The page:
How Are These Students Surviving Without A Curriculum?

Posted on October 29, 2013

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I’ve recently been spending time at a democratic school in Concord, CA called Diablo Valley School (modeled after Sudbury Valley School outside of Boston). One of the key aspects of the school is that there is absolutely no curriculum.

The student body ranges in age from 4 all the way through high school graduation (18+) and there is never any curriculum at all. In fact even recommending a curriculum is discouraged. The students do what ever they want all day long.

We place a lot of value on curriculum in our society. There are endless debates over the Common Core, the importance of Algebra, college-readiness, etc. So I think it may be very valuable to pay attention to an environment that has no curriculum at all.

If curriculum is as important is we think it is, then how are these students surviving? How are they getting in to college? How are they getting jobs?

If you care about education and think that a specific curriculum is fundamental to the equation then you have to look at this and ask these questions.

I’ve only been in the environment for a few days, but I have not yet seen anything that suggests the lack of curriculum is hurting these students in any way. As of right now frankly it’s hard to ignore the possibility that they may be benefiting from the lack of curriculum.

So please help me out. If you read this and believe that curriculum matters then help me develop a hypothesis that I can test. There must be some sort of evidence that I can look for that will show that these students are less prepared than students who experience a traditional curriculum.

We don’t have to guess at this one. There is an active population of students (not just at democratic schools) that have not had a defined curriculum throughout their education. If curriculum is important at all then we should see some differences between these students and other students.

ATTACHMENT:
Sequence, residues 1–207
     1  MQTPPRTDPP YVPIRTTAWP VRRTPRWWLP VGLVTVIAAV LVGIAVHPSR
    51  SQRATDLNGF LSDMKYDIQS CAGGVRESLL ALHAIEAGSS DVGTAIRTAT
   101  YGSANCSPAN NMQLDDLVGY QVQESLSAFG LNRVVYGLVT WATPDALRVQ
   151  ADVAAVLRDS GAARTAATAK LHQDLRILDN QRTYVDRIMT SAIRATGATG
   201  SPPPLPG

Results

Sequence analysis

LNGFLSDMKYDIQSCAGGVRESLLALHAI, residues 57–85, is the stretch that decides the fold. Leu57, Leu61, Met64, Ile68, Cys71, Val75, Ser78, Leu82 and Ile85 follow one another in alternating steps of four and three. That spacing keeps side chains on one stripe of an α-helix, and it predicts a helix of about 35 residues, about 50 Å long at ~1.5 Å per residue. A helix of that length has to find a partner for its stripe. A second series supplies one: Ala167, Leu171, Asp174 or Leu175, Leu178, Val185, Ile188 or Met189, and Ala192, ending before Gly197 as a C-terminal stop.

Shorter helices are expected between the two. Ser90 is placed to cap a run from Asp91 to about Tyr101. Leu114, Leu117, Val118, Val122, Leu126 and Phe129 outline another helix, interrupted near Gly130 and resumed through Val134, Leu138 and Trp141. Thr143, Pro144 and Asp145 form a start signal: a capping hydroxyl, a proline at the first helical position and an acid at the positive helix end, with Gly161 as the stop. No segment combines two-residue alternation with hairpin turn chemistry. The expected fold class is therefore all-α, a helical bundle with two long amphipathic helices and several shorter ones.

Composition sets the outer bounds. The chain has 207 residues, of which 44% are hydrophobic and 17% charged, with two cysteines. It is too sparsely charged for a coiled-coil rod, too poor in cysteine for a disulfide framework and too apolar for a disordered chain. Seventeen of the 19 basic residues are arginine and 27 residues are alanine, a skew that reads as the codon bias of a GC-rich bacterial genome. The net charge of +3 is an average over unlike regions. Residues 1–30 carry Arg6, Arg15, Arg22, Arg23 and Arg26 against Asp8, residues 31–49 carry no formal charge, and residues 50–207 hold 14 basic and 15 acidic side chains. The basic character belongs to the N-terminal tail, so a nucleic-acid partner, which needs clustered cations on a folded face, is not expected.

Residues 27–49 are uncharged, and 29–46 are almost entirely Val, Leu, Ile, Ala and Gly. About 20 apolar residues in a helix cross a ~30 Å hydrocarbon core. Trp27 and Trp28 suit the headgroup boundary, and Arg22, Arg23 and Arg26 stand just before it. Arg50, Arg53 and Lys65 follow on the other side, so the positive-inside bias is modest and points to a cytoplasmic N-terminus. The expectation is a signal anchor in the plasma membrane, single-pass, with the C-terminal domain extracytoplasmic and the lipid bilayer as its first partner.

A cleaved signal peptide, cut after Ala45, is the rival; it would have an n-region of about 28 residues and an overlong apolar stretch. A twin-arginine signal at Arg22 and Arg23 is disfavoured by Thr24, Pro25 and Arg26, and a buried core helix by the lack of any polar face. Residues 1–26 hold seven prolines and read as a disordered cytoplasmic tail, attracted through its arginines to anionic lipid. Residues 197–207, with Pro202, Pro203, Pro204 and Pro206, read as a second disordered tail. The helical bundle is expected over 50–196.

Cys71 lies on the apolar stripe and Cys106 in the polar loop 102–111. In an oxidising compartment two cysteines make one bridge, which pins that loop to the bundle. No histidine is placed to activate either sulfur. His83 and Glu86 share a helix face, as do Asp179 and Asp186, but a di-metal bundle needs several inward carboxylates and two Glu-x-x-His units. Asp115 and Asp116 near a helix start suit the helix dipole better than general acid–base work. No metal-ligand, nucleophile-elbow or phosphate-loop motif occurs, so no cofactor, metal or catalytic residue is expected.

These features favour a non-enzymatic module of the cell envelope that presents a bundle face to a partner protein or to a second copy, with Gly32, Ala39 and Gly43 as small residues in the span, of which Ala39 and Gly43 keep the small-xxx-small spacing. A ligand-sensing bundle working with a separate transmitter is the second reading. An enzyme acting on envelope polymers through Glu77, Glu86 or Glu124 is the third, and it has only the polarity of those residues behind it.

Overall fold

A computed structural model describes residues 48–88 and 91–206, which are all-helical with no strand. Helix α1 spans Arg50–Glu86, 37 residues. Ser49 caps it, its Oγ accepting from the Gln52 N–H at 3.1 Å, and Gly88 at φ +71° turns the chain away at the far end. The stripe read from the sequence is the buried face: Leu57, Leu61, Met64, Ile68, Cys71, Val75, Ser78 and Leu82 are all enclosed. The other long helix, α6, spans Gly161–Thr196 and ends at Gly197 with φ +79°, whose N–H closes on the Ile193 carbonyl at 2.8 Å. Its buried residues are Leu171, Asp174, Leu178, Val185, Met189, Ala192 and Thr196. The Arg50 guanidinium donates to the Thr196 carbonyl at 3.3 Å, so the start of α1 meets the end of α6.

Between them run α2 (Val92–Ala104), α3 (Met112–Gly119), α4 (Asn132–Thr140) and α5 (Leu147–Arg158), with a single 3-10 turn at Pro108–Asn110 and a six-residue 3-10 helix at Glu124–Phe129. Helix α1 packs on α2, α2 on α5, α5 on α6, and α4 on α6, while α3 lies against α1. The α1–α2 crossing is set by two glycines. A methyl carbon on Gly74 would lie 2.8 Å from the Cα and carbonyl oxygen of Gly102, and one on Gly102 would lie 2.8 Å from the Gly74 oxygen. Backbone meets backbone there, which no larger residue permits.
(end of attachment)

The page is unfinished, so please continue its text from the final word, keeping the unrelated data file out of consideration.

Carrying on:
I have some hypotheses that I am curious about. Many students take the SAT scores and attend college, so I hope to figure out if they are doing any worse on the SATs on average or are not able to get in to the school of their choice. The sample size is relatively small, but if there is a significant difference created by the lack of a curriculum then I think you should see some difference even at a small sample size. I’m not looking for statistical significance, just evidence in one direction or another.

If anyone has any other hypotheses I’d love to hear them. I don’t think it’s valuable to become obsessed with an idea such as curriculum, which creates so many challenges, if we can’t make any predictions about how it will affect the students. If we can’t even bring ourselves to consider the possibility that curriculum may not matter than we are simply cutting ourselves off from a valuable exploration.

All I ask is that you not ignore this question and remain open to all possibilities. At least ask questions; look for some evidence. We can’t simply rest on assumptions that have not been proven out, especially for something as significant as curriculum, which shapes the educational environment for millions of students every day.

 

 

 

 

 

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